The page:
Reading Braille in The Desert
Many years ago I accepted a well-intentioned but presumptuous invitation with my own well-intentioned but naive expectations. The invitation was made by an Anglo woman speaking at UC Berkeley; a self-proclaimed, perhaps (perhaps not) indigenously sanctioned, liaison for the Dine (Dineh/Navajo) people at Big Mountain-Black Mesa. She was rallying volunteers from the student body and general public to serve as witnesses to land and property infringements taking place there on indigenous lands. The Bureau of Indian Affairs was, at that time, confiscating livestock belonging to Dine families that grazed over the boundaries of certain areas under legal and cultural dispute. Many families were losing a prime source of income in this way and were financially unable to retrieve them from BIA impoundment. I travelled to New Mexico with a friend of mine from Guatemala who is half Mexican Indian. As a woman of mixed European and Native American heritage, I had often passed myself off as Latin American, so together he and I felt confident in our “fitting in” potential: ludicrous assumption, that. Any assumption based on such a false equation is bound to be exposed in all its erroneous glory, and more to the point, it reveals some sort of latent humor underlying the assumption of self-importance, one that usually emerges as a last laugh at the expense of the very personage so inflated by this puffy, inconsequential fluff. No exceptions here.
My friend and I were placed with a household of the extensive Biakeddy family. Old Jesse, the patriarch, was a Vietnam veteran who had been a radio ‘code-talker’. He spoke in low monotones, delivering daily directives and wry humor with the same, unchanging expression. His wife spoke Navajo, and if she spoke English too she did not share that fact with us, though she was generous with her smiles and servings of mutton and fry bread. Their son, Ashke, was about sixteen, with a mischievous spark to his cultivated sullenness and a shock of spiked black hair styled in a sort of mullet-mohawk.
On the afternoon of our arrival, Ashke took my friend and I on a ride in a low pickup truck that scraped along the rocky dirt roads, to a canyon where his family’s sheep were brought each day to graze. When we got out Ashke produced a scuffed-up looking pistol and told us we needed to know how to shoot it in case coyotes came after the sheep while we were on watch.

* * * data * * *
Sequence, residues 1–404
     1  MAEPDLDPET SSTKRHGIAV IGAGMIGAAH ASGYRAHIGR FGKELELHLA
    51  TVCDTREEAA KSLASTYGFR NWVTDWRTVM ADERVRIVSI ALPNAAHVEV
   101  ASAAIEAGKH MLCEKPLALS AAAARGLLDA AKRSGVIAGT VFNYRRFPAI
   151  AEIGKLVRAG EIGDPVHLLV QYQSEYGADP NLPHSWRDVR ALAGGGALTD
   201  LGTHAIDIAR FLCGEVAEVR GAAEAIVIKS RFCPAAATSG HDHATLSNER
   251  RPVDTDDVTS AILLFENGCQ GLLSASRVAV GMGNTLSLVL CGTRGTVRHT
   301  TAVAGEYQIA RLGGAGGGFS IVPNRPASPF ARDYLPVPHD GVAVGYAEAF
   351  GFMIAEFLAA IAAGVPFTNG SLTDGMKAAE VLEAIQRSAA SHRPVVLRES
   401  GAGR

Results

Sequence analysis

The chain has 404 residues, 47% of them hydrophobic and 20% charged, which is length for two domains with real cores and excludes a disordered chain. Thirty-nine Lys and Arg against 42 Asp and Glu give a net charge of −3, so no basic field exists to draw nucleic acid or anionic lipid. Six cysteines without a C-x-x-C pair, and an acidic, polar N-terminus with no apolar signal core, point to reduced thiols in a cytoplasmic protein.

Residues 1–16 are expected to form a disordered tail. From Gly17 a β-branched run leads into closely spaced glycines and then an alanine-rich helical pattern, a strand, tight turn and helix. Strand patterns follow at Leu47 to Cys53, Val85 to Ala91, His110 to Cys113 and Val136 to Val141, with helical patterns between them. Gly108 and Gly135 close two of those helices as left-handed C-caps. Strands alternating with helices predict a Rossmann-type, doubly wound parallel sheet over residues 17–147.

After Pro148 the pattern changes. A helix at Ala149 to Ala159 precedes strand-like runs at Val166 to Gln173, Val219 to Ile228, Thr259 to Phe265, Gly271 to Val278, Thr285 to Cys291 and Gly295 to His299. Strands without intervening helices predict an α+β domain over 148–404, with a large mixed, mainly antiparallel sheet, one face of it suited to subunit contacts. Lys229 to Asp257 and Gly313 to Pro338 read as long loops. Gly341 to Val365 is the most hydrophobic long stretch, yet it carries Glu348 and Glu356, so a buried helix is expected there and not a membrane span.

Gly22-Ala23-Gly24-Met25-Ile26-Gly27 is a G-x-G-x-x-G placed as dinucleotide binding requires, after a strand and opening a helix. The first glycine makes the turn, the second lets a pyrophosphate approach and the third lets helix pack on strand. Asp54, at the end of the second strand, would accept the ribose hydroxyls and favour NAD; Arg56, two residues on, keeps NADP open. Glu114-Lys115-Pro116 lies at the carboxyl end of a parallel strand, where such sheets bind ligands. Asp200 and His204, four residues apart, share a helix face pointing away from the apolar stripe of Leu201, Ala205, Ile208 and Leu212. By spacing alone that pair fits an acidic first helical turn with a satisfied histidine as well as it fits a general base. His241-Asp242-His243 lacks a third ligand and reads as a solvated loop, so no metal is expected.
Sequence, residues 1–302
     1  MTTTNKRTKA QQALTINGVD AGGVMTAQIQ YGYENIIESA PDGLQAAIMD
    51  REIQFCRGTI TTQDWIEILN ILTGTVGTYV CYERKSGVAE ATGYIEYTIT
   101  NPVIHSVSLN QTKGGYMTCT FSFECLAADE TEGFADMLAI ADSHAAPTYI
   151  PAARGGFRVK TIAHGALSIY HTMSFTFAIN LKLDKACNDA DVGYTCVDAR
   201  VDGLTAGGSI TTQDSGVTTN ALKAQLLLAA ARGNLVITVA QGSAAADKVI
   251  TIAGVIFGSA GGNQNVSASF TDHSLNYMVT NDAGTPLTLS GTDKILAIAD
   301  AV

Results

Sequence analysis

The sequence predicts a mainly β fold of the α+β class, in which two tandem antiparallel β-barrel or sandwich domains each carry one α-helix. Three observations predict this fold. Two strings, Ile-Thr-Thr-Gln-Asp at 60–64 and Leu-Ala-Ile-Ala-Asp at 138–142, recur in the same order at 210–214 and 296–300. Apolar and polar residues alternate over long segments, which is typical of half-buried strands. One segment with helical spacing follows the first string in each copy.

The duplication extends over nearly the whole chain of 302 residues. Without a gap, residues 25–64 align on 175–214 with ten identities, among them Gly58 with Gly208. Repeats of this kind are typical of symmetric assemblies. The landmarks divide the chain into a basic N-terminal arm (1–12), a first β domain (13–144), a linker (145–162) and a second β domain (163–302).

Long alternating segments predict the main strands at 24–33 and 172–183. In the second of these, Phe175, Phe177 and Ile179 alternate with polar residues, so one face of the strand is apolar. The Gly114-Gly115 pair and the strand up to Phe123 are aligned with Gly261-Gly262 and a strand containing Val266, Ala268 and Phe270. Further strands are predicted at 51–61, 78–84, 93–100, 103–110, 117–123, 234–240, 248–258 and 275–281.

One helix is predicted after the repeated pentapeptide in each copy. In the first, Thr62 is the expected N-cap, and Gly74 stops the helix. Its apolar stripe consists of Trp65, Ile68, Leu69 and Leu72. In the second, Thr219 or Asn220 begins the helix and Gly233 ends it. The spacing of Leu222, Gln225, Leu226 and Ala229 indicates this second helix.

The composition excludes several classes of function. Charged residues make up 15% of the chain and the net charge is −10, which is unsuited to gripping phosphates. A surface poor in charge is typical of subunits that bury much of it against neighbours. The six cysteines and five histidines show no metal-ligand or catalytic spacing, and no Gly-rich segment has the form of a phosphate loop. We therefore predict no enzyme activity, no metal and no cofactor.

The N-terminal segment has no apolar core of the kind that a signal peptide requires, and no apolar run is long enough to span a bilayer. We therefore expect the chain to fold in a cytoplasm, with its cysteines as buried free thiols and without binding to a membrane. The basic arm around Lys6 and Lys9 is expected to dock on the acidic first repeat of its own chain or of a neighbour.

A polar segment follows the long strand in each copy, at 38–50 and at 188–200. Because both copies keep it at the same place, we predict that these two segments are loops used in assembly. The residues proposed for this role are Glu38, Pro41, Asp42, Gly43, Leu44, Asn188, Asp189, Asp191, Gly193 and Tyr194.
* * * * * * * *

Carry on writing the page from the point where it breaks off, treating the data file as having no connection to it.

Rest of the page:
“Who’s first?” he asked. My friend shook his head and I, eager to prove my reliability and grit, reached for the gun. It was not my first time handling a firearm, but I lacked a basic finesse and competency, which soon came into evidence. Ashke pointed at the rock face several hundred yards in front of us, indicating to shoot that way, I assumed. I did so, but not before both the boys had clapped their hands to their ears, ducking into themselves with anticipation of the gun’s echoing report. I entirely neglected to consider that fact. I lost my hearing for almost two days. “You should’ve thought of that before you pulled the trigger”, Ashke said once I’d regained auditory capabilities. A succinct statement of the obvious.
After a month with the Biakeddy household, waking before dawn to herd the sheep and goats through the desert; eating mutton on fry-bread; sleeping in a hammock outside, I began to loosen the grip of self-importance with which I’d been clutching a misconception of myself as some crucial payer in the cycles and the operations of daily life there. My true colors started to show in relation to my personal preferences. My earnest facade gave way to a somewhat more weary, grudging, sense of duty. My sense of ‘noble purpose’ diminished exponentially as the days of babysitting the sheep and goats passed. I sometimes snuck peanut butter to spice up my fry bread, smuggling it to the woodshed with no small degree of shame. I fed mutton to the dog under the table. I snoozed on the ground while the livestock wandered off. But I still wanted to be helpful, or at least mildly useful. This final vestige of self-indulgence was stripped away like a band-aid over hairy skin when Old Jesse made an offhand comment to me one afternoon. His face emitted humor in the crinkles around his eyes, even as the rest of his face remained impassive; “You know we don’t really need you to mind the sheep and them guys, right? Nice sleeping in lately though”. More eye crinkles. “You really wanna be helpful?” I nodded, struck dumb as another simple statement of the obvious realigned my worldview. “You wanna make change, you gotta get to the source of the problem. And it ain’t here.” He laughed. “Go to school, learn how to make laws and write some better ones”. And that was it. He went back to his business and I began putting the pieces of my life plan back together into a different order.